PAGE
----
12. 12 Oracle Database 11g SQL For example, the following CREATE USER statement creates the store user with a password of store_password: CREATE USER store IDENTIFIED BY store_password; If you want the user to be able to work in the database, the user must be granted the necessary permissions to do that work. In the case of store, this user must be able to log onto the database (which requires the connect permission) and create items like database tables (which requires the resource permission). Permissions are granted by a privileged user (for example, the system user) using the GRANT statement. The following example grants the connect and resource permissions to store: GRANT connect, resource TO store; Once a user has been created, the database tables and other database objects can be created in the associated schema for that user. Many of the examples in this book use the store schema. Before I get into the details of the store tables, you need to know about the commonly used Oracle database types. The Common Oracle Database Types There are many types that may be used to handle data in an Oracle database. Some of the commonly used types are shown in Table 1-1. You can see all the data types in the appendix. The following table illustrates a few examples of how numbers of type NUMBER are stored in the database. Format Number Supplied Number Stored NUMBER 1234.567 1234.567 NUMBER(6, 2) 123.4567 123.46 NUMBER(6, 2) 12345.67 Number exceeds the specified precision and is therefore rejected by the database. Examining the Store Tables In this section, you’ll learn how the tables for the store schema are created. Some of the information held in the store schema includes ■ Customer details ■ Types of products sold ■ Product details ■ A history of the products purchased by the customers ■ Employees of the store ■ Salary grades The following tables are used to hold the information: ■ customers holds the customer details. ■ product_types holds the types of products sold by the store.
  13. Chapter 1: Introduction 13 ■ products holds the product details. ■ purchases holds which products were purchased by which customers. ■ employees holds the employee details. ■ salary_grades holds the salary grade details. Oracle Type Meaning CHAR(length) Stores strings of a fixed length. The length parameter specifies the length of the string. If a string of a smaller length is stored, it is padded with spaces at the end. For example, CHAR(2) may be used to store a fixed-length string of two characters; if 'C' is stored in a CHAR(2), then a single space is added at the end; 'CA' is stored as is, with no padding. VARCHAR2(length) Stores strings of a variable length. The length parameter specifies the maximum length of the string. For example, VARCHAR2(20) may be used to store a string of up to 20 characters in length. No padding is used at the end of a smaller string. DATE Stores dates and times. The DATE type stores the century, all four digits of a year, the month, the day, the hour (in 24-hour format), the minute, and the second. The DATE type may be used to store dates and times between January 1, 4712 B.C. and December 31, 4712 A.D. INTEGER Stores integers. An integer doesn’t contain a floating point: it is a whole number, such as 1, 10, and 115. NUMBER( Stores floating point numbers, but may also be used to store precision, integers. The precision is the maximum number of digits scale (left and right of a decimal point, if used) that may be used for ) the number. The maximum precision supported by the Oracle database is 38. The scale is the maximum number of digits to the right of a decimal point (if used). If neither precision nor scale is specified, any number may be stored up to a precision of 38 digits. Any attempt to store a number that exceeds the precision is rejected by the database. BINARY_FLOAT Introduced in Oracle Database 10g, stores a single precision 32-bit floating point number. You’ll learn more about BINARY_ FLOAT later in the section “The BINARY_FLOAT and BINARY_ DOUBLE Types.” BINARY_DOUBLE Introduced in Oracle Database 10g, stores a double precision 64-bit floating point number. You’ll learn more about BINARY_ DOUBLE later in the section “The BINARY_FLOAT and BINARY_ DOUBLE Types.” TABLE 1-1 Commonly Used Oracle Data Types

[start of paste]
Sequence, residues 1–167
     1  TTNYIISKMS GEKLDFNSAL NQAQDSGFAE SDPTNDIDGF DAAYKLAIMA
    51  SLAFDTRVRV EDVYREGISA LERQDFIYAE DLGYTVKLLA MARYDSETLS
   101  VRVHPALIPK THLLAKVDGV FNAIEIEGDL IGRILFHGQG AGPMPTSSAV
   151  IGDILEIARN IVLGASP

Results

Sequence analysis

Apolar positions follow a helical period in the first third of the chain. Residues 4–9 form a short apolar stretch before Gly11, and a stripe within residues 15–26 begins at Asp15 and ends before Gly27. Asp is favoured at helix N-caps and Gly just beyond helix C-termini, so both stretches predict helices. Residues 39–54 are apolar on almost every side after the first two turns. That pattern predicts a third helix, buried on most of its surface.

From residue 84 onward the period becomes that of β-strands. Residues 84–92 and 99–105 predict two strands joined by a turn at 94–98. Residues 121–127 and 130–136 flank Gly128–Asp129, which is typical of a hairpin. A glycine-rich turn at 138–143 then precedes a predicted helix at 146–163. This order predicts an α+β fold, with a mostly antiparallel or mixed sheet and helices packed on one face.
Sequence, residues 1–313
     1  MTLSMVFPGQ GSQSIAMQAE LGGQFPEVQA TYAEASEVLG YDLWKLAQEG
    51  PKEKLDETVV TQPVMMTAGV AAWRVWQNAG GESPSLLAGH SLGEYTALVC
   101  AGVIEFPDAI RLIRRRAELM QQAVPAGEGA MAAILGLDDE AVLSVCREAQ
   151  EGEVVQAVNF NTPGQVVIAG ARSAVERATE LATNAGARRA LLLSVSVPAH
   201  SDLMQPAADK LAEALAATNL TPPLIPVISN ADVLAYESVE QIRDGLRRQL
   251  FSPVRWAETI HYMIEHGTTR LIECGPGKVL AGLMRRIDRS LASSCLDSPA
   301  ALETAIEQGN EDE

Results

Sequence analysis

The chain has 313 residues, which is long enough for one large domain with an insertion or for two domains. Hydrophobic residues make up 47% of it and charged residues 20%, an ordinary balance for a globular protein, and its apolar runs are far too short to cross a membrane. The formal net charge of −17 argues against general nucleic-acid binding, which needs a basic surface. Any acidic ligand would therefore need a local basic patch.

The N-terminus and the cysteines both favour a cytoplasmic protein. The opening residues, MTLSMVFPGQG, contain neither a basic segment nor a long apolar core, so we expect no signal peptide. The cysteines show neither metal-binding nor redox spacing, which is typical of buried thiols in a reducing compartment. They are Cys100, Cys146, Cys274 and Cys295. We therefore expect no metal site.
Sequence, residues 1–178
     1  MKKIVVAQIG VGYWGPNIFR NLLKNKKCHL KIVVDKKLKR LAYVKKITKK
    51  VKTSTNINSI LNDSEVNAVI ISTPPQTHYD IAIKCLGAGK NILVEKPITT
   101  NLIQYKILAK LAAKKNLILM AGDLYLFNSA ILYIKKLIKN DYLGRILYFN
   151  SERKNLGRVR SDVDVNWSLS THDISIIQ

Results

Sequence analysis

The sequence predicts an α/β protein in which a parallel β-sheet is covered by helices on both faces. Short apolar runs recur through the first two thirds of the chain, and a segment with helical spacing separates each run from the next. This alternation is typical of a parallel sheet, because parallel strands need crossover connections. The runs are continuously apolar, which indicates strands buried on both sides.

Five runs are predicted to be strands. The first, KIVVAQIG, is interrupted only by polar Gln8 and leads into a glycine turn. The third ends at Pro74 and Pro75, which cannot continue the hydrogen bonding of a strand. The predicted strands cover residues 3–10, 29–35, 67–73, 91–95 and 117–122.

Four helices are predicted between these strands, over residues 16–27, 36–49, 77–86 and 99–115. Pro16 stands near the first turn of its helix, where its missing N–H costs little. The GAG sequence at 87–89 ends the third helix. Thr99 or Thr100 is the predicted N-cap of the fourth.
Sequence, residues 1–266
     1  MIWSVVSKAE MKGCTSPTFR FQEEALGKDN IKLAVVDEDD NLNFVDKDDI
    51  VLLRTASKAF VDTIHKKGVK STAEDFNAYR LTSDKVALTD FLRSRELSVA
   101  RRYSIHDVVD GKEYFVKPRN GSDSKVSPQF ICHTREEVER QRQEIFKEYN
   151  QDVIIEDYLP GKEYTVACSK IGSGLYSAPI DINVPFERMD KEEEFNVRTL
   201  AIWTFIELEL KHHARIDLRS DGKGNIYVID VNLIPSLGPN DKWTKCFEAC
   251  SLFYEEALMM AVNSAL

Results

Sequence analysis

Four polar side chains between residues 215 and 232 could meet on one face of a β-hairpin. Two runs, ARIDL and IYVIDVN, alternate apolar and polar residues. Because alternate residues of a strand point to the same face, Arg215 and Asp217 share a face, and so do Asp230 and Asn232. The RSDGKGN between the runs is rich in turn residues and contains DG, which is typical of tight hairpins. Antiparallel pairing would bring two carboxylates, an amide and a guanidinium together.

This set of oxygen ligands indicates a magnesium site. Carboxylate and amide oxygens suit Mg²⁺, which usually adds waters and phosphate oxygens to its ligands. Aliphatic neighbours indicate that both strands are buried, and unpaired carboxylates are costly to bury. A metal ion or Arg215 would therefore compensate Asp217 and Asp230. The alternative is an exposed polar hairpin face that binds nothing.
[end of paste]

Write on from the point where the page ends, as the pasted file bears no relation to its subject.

14. 14 Oracle Database 11g SQL NOTE The store_schema.sql script creates other tables and database items not mentioned in the previous list. You’ll learn about these items in later chapters. In the following sections, you’ll see the details of some of the tables, and you’ll see the CREATE TABLE statements included in the store_schema.sql script that create the tables. The customers Table The customers table holds the details of the customers. The following items are held in this table: ■ First name ■ Last name ■ Date of birth (dob) ■ Phone number Each of these items requires a column in the customers table. The customers table is created by the store_schema.sql script using the following CREATE TABLE statement: CREATE TABLE customers ( customer_id INTEGER CONSTRAINT customers_pk PRIMARY KEY, first_name VARCHAR2(10) NOT NULL, last_name VARCHAR2(10) NOT NULL, dob DATE, phone VARCHAR2(12) ); As you can see, the customers table contains five columns, one for each item in the previous list, and an extra column named customer_id. The columns are ■ customer_id Contains a unique integer for each row in the table. Each table should have one or more columns that uniquely identifies each row; the column(s) are known as the primary key. The CONSTRAINT clause indicates that the customer_id column is the primary key. A CONSTRAINT clause restricts the values stored in a column, and, for the customer_id column, the PRIMARY KEY keywords indicate that the customer_id column must contain a unique value for each row. You can also attach an optional name to a constraint, which must immediately follow the CONSTRAINT keyword—for example, customers_pk. You should always name your primary key constraints, so that when a constraint error occurs it is easy to spot where it happened. ■ first_name Contains the first name of the customer. You’ll notice the use of the NOT NULL constraint for this column—this means that a value must be supplied for first_ name when adding or modifying a row. If a NOT NULL constraint is omitted, a user doesn’t need to supply a value and the column can remain empty.